Microsoft lends a hand with Adobe Reader protected mode

Today, as part of the Adobe Reader and Acrobat security initiative, Adobe announced that Adobe Reader will be available in "protected mode" in the next major release of Adobe Reader.

Protected mode is a technology that's previously been seen in Internet Explorer, Google Chrome and Microsoft Office 2010, which effectively sandboxes the application, and restricts it from performing an action outside of the sandbox without verifying whether or not the action is legitimate, which helps stop illegitimate applications before they can access the system.

Adobe says that they have been working closely with Davic LeBlanc, Dan Jump and "other members of the Office 2010 team", as well as the Google Chrome team and various other third party consultancies utilising their knowledge and experience to learn the best way to integrate the technology.

Adobe Reader's new protected mode is based on Microsoft's Practical Windows Sandboxing technique, and will be enabled by default. Adobe Reader will perform all actions it needs to display the PDF file on the PC in a "very restricted manner" inside the sandbox. If Adobe reader needs to access an external application, such as copying and pasting information out, or opening an attachment in an external application, such as Microsoft Word, the requests are "funneled through a 'broker process'" which checks for allowed and disallowed access, to prevent dangerous behavior, such as that found in malware and viruses.

The technology means that if a new security vulnerability is found in Reader, which happens from time to time, Protected Mode will help stop the attacker "from writing files, changing registry keys or installing malware on targeted computers".

According to Adobe, the first release of "protected mode" will be only the first step in implementing the technology, and will sandbox all "write" calls on Windows 7, Vista, XP, Server 2008 and 2003. In future releases of Adobe Reader, the company plans to extend the implementation of the sandbox further to include read-only activities to "stop attackers seeking to read sensitive information on the user's computer", such as personal files and information.

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12 Comments

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PDF Xchange is better than Adobe Reader or Foxit Reader. Comes with a decent subset of editing tools for *free*, and you get the rest for another $50 or so. Essentially, 95% of Acrobat at about 20% of the price.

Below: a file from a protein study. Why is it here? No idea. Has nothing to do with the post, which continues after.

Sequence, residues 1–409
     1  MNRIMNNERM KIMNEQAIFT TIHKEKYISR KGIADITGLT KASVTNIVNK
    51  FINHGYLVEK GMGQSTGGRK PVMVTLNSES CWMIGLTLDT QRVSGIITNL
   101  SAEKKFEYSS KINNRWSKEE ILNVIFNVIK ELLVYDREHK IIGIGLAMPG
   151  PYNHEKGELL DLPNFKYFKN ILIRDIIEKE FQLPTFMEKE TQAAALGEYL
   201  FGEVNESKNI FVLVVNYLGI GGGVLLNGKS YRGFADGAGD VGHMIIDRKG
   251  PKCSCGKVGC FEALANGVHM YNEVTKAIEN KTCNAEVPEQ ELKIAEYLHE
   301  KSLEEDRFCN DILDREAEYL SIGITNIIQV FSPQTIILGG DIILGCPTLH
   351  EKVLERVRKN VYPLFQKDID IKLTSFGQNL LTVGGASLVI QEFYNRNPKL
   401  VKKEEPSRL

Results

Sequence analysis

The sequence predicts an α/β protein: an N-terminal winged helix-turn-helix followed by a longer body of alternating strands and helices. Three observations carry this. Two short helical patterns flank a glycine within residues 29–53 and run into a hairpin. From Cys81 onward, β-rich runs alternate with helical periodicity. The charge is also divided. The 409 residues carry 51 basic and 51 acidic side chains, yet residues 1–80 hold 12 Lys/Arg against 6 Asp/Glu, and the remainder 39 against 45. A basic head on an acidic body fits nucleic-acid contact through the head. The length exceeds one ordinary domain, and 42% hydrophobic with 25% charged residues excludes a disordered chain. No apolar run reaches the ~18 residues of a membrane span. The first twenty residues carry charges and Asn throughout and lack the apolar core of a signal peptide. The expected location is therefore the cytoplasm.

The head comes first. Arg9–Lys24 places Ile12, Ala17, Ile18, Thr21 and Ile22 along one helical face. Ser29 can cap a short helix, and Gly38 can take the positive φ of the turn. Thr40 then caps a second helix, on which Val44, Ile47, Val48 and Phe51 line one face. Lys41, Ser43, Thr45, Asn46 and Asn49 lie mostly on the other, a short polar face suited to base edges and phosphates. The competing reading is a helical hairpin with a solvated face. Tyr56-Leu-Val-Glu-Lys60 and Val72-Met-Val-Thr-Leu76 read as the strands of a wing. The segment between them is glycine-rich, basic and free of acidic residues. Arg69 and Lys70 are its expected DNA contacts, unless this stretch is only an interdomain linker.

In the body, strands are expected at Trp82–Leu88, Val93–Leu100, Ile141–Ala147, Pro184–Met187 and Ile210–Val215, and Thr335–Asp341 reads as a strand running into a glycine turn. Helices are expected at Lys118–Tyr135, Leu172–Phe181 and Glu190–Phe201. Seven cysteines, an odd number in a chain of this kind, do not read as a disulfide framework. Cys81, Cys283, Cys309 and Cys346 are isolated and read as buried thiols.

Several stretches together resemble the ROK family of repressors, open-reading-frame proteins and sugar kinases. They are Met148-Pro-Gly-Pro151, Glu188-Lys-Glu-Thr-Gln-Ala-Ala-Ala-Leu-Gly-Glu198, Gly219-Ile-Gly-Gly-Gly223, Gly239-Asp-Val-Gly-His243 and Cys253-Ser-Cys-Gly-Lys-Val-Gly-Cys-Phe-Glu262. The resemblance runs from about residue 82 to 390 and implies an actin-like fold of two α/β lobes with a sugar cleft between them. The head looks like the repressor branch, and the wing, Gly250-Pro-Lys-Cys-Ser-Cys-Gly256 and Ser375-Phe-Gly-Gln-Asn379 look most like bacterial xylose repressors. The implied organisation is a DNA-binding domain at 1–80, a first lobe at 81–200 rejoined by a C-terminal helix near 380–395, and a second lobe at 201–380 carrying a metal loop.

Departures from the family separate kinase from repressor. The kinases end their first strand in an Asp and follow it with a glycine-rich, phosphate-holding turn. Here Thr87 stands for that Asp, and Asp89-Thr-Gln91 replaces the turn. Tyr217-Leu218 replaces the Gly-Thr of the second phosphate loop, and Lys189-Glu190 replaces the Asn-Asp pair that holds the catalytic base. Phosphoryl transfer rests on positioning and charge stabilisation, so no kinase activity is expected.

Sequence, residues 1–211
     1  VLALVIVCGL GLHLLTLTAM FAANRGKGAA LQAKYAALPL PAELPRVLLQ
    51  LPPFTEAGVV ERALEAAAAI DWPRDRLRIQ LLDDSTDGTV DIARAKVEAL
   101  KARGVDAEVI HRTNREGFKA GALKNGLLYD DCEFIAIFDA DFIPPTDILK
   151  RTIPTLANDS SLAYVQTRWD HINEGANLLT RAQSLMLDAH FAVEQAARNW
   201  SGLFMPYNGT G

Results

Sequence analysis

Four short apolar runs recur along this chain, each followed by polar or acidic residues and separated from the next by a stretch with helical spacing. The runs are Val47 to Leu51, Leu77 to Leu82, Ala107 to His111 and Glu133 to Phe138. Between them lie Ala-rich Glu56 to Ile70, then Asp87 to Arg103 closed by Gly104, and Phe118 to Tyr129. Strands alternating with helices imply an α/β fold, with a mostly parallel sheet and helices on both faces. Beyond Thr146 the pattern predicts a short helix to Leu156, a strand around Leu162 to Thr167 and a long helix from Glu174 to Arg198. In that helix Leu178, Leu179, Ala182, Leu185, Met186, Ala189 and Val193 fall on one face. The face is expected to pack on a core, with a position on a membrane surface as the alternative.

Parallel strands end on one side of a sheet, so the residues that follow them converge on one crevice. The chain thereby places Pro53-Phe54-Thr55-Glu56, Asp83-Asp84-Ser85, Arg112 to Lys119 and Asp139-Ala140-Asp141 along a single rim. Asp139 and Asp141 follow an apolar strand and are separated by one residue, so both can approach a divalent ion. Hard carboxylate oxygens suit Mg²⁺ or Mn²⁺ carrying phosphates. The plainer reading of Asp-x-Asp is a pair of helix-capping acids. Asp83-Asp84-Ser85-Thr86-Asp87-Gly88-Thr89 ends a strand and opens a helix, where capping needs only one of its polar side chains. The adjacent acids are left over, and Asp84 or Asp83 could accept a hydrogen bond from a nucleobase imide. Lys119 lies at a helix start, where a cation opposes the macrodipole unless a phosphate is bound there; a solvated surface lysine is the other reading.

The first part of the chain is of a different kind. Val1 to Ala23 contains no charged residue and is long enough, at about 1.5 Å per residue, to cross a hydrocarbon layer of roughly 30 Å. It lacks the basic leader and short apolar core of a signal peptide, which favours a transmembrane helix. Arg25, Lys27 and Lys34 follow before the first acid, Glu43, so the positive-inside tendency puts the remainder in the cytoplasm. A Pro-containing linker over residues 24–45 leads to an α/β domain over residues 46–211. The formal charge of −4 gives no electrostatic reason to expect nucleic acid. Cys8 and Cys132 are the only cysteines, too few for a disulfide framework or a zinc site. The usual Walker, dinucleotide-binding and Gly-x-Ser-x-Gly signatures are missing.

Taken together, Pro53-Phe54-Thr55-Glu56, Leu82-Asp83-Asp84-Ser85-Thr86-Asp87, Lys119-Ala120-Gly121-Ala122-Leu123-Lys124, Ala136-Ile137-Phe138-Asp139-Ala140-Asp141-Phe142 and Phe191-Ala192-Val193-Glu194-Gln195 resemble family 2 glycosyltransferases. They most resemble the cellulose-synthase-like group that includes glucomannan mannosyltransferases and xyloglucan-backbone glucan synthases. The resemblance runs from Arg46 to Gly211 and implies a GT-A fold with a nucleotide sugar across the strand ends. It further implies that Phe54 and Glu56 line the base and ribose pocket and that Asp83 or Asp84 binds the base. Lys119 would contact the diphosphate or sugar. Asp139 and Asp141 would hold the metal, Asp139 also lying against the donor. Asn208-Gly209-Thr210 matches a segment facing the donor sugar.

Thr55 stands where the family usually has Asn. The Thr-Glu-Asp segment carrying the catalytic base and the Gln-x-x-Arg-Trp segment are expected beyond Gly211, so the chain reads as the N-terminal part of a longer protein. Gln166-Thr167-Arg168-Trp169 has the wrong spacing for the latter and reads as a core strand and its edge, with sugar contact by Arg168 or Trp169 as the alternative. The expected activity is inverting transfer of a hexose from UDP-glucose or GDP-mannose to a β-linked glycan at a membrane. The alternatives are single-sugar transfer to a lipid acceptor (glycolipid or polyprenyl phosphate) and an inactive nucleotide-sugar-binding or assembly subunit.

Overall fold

As with Foxit, they are usually unaffected by Adobe Reader vulnerabilities because of the implementation. (Same principle as using a Mac -- expose yourself to fewer attacks by staying away from the one with 90%+ market share.) But PDF Xchange tends to do a little better on complex PDF files than Foxit. The developers are based in Ukraine, and my impression is that they're pretty hardcore.

Adobe's products have a lot to be desired. Why the Reader product has to be so bloated and buggy just to display a page of text and graphics is a joke. Fox-it reader weighs in at 10 megabytes less than a tenth of the Adobe offering, all in one .exe file. Adobe Reader is yet another detestable programme that deserves to die.

boho said,
Adobe's products have a lot to be desired. Why the Reader product has to be so bloated and buggy just to display a page of text and graphics is a joke. Fox-it reader weighs in at 10 megabytes less than a tenth of the Adobe offering, all in one .exe file. Adobe Reader is yet another detestable programme that deserves to die.

foxit is fast at expense of quality.

"Protected mode is a technology that's previously been seen in Internet Explorer, Google Chrome and Microsoft Office 2010"... Which obviously doesn't really work? Get your own s*** straight first, MS! lol

IntelliMoo said,
"Protected mode is a technology that's previously been seen in Internet Explorer, Google Chrome and Microsoft Office 2010"... Which obviously doesn't really work? Get your own s*** straight first, MS! lol

lol
you obviously don't know what you're talking about!
Internet Explorer's protected mode has never been broken.

if you think it has been broken because IE was owned during the last Pwn2Own contest, you're wrong. The attacker only gained "read only" rights (which is enough to win this security contest). Protected mode successfully stopped the hacker from gaining write rights (thus blocking any malware installation attempt).

Other browsers like safari, opera, firefox (or chrome which is sandboxed but doesn't sandbox flash yet) are much more vulnerable than IE, since there is no sandbox in these browsers to prevent flaws exploitation from gaining write access to the user profile (thus an usermode malware could be installed if there is a flaw in firefox, safari, or flash player/ adobe reader)

All products have their flaws, being a big player with stuff like PDF, flash etc will no doubt paint a target on your head.

The technology means that if a new security vulnerability is found in Reader

"If" is not the word to use here. It's about time that Adobe shows they can actually do something about their products' security!

random_n said,

"If" is not the word to use here. It's about time that Adobe shows they can actually do something about their products' security!

No kidding. Adobe sucks at security when it comes to Flash and Acrobat Reader. Case in point, the latest zero-day exploit, which caused a series of infections in our department. This is a good start and a welcome change, but it seems like a lot of unnecessary features are being added to these two platforms that make them insecure in ways the previous iterations weren't, i.e. playing Flash videos in a PDF. That's a bit like leaving your keys in your already unlocked car and expecting it to be okay.